Meet Joe Nussbaum: Nussbaum, one of the founders of Big Event, says all it took was telling Aggies they could serve the community and suddenly there were more volunteers than there were jobs to do. On the 30th anniversary of Big Event, he talks about those early days.
The Big Event got started because a nice guy came to a committee meeting by mistake and because the President of the United States told us to do something for others.
Those two unrelated events may seem like they have nothing to do with each other, but that’s really the beginning.
It was the fall of 1982. I was a vice president of the Student Government, and my committee was having the first brainstorming meeting of the year. Evan Secor, our committee member by mistake, confessed that he hoped the meeting was about a student service project. (It wasn’t supposed to be.)
About the same time, President Ronald Reagan began an initiative for increased volunteer community involvement. Those two events planted a seed in my mind, and within a few days the idea for the Big Event was born.
We began planning for the first Big Event on Feb. 20.
The first year was primarily spent educating students and community leaders about the idea. Everybody who heard about it thought it was a great idea, but none of us knew exactly how to get it done.
Evan remained on the committee. My girlfriend Becky (now my wife) was the first publicity chairperson, plus there were 10 or so others. We hustled up jobs and groups of people, and the first Big Event was a big success. Well, it was a big success for the first time. It totally pales in comparison to what it has become today.
One of the neatest things about the Big Event was that people liked the idea. It was easy to get student organizations to sign up and say yes. This caused a bit of a problem because we didn’t have enough jobs to do. I remember being interviewed on the radio and saying, “We’ve got thousands of Aggies who are going to be doing something on Saturday morning. Please, please, please help us figure out what that something is!”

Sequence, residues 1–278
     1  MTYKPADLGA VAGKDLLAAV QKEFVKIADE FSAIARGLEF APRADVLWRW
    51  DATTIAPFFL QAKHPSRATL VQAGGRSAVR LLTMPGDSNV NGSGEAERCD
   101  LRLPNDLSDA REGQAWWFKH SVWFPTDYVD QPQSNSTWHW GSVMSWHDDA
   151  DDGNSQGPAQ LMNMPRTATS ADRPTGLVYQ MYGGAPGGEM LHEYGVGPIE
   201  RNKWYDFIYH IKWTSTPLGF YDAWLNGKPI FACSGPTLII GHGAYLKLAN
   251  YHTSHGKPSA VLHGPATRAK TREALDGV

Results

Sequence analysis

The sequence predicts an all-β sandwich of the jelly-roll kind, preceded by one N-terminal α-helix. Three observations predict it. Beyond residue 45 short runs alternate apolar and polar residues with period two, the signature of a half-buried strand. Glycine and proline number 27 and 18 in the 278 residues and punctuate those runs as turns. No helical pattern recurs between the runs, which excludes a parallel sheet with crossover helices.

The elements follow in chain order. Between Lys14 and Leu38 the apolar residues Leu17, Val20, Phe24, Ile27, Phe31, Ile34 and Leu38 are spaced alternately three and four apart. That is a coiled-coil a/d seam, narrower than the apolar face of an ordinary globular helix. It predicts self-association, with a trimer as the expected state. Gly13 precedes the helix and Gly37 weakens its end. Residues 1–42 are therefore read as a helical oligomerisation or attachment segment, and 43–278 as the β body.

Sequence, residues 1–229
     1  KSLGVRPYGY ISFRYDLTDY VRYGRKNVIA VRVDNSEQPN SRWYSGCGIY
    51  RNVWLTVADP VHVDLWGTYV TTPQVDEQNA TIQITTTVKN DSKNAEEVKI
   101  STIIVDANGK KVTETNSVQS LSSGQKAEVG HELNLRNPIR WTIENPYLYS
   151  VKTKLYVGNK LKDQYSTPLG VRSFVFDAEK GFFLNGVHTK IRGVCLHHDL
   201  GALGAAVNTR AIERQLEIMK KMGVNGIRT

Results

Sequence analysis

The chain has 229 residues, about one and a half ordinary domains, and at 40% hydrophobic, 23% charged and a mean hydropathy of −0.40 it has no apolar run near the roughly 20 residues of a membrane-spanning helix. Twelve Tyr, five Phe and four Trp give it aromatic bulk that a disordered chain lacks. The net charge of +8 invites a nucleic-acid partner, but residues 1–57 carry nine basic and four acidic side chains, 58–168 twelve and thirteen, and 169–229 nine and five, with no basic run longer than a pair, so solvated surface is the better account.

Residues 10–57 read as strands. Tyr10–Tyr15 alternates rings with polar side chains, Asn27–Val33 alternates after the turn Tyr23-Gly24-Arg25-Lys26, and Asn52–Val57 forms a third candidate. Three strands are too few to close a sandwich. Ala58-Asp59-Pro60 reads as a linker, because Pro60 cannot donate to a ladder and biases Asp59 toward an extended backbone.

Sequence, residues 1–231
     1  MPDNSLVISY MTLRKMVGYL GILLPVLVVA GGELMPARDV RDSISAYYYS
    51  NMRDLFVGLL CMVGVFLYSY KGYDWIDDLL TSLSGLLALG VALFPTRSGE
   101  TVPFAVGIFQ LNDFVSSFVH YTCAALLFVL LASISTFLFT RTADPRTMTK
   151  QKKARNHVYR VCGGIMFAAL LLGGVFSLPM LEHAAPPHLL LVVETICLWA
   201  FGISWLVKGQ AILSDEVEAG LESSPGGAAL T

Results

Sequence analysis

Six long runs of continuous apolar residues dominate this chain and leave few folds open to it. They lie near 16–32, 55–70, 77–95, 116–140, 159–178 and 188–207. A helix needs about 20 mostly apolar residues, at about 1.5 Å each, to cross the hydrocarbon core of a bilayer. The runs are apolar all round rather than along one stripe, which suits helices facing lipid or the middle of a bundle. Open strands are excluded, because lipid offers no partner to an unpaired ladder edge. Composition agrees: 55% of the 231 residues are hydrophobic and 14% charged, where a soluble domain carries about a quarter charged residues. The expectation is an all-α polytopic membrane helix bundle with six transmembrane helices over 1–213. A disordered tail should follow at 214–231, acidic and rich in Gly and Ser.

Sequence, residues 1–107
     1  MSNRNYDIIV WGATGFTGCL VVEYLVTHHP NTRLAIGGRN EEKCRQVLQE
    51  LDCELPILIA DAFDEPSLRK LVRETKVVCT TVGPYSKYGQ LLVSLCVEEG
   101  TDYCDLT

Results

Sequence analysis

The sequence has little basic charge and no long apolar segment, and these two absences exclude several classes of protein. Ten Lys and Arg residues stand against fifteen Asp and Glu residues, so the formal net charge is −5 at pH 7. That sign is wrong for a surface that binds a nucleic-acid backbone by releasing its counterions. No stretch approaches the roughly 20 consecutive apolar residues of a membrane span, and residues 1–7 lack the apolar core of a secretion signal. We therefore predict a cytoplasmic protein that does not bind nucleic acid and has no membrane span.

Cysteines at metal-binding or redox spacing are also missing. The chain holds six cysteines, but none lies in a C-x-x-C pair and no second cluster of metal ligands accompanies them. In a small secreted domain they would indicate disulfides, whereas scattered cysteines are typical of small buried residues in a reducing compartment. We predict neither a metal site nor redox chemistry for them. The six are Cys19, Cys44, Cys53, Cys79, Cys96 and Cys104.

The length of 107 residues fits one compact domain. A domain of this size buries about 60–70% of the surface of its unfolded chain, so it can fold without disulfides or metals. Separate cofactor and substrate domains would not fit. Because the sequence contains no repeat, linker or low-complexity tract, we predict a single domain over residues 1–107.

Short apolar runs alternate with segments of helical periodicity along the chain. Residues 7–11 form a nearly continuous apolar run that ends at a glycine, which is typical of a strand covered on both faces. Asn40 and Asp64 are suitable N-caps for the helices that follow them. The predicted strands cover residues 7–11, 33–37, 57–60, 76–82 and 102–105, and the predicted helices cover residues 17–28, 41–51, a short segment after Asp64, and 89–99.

At the last minute, the community organizations came through, and we had plenty of jobs and plenty of workers. The next year was much easier. We didn’t have to explain the concept nearly as much.
Mike Wolfe, Class of 1983, was one of our original organizers. Mike was in the Corps, and he convinced everyone in the Corps to participate. The Corps worked with the Keep Brazos Beautiful Committee, and I believe the Big Event still works with this organization. Mike’s efforts, plus the efforts of all the early organizers ,were huge in making the first Big Event a success.
One thing I took for granted then, but I really appreciate now was that the administration was as supportive of the Big Event as they could possibly have been. Carolyn Adair, John Koldus and Frank Vandiver (and countless others) all encouraged and supported the program. A quality administration is a big part of what has made Texas A&M a great university.
The first year we had no budget, and we needed money. The football team autographed a ball, then we had a contest. For $1, students could guess the score of the upcoming game. Whoever was closest would win the autographed ball. We raised several hundred dollars. The only problem was the game was awful. We got killed! Everyone had predicted we would win. (I’m sure somebody thought we would lose, but they weren’t going to put it down on paper!) I don’t remember how we figured out who actually won the ball.
I returned to the tenth and the twentieth anniversary Big Events. It was remarkable to see how the program had matured and flourished. The biggest surprise was that people had to apply to be on the Big Event Committee, and not everyone made it. What a difference! When we first started, you didn’t even have to know how to read or write to serve on the committee. You only had to know how to say two letters: O and K.
The years keep going by, and the Big Event gets better every year. Thirty years is a tremendous milestone. It makes me very grateful to have been a small part of it. I’m proud that Texas A&M was the starting point for a project that continues to grow all over the nation. Everyone who has served on the Big Event Committee through each of these 30 years deserves a pat on the back for continuing to grow a great, proud tradition for Texas A&M and for college life everywhere.
For each individual participant, it is a small way to say “thanks” to the community that supports their school. Multiply these small “thanks” by hundreds and thousands of students, and you have truly created a world changing Big Event!